In March 2020, physicians across the country rapidly deployed telehealth solutions to continue to care for their patients in the midst of the COVID-19 pandemic, especially after the Centers for Medicare & Medicaid Services and private insurers relaxed HIPAA requirements and raised reimbursement rates for telehealth. At the time, most physicians used whichever system was easiest, such as popular social media platforms. Now, many are seeking to upgrade to a solution that meets their long-term needs.
With hundreds of telehealth platforms on the market today, narrowing down the field is not an easy process. When choosing or reevaluating a platform, consider these tips.
Put patient needs first. Patients can now choose from a variety of providers offering telehealth, including national services that are promoted by their health insurance plans. Most will choose the care that is easiest to access, such as through one-click launching with any browser on any device, says Jay Backstrom, telehealth practice leader for Impact Advisors, a health care consulting firm. In addition, patients may have different expectations for telehealth than an in-person visit, he says. They may tolerate a 20- to 30-minute wait in the office, but they might get impatient after waiting 5 or 10 minutes for a telehealth appointment.
Choose a platform that is built for clinical care. Popular social media platforms may have worked in a pinch, but for the long term, practices will need a platform that integrates smoothly with their EHR and meets HIPAA requirements, including business associate agreements. Video quality is sometimes better with clinical care platforms, too, according to Lloyd Sirmons, director of the Southeastern Telehealth Resource Center, a government-funded agency that promotes the use of telehealth technology.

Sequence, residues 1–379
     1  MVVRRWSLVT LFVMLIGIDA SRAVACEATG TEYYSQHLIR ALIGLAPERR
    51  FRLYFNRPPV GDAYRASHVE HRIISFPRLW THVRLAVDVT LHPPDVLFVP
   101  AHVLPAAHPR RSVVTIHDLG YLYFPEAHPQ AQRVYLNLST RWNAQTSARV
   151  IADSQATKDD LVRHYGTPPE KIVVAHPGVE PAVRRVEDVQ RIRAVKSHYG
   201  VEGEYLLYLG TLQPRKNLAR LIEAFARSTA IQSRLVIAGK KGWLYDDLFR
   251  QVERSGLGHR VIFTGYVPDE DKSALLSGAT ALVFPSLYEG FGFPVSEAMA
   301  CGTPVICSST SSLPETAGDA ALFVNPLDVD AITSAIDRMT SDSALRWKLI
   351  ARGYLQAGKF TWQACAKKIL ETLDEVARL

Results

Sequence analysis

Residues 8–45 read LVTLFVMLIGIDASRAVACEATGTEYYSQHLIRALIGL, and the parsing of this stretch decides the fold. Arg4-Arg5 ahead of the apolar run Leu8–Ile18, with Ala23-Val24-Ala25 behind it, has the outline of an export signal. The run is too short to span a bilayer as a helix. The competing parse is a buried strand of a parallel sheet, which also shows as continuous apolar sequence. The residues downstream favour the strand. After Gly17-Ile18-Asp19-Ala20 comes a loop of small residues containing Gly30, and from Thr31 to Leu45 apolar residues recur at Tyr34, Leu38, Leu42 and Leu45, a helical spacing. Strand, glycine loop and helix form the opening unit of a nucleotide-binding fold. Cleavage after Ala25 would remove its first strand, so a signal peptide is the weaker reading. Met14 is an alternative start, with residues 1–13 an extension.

Incorporate triage solutions. Making the most of telehealth means ensuring it gets used for the right patients and situations. Physicians can start with a symptom checker that directs patients to virtual, in-person, or emergency care. Practices also need a mechanism, such as front office staff, an online checklist, or an equipment test, to make sure that patients have the necessary equipment to participate in telehealth appointments.
At the time of the appointment, a medical technician or nurse can start the virtual visit, checking vitals and troubleshooting technology before the physician joins the call. Other useful features include a built-in scheduler or appointment reminders for patients.
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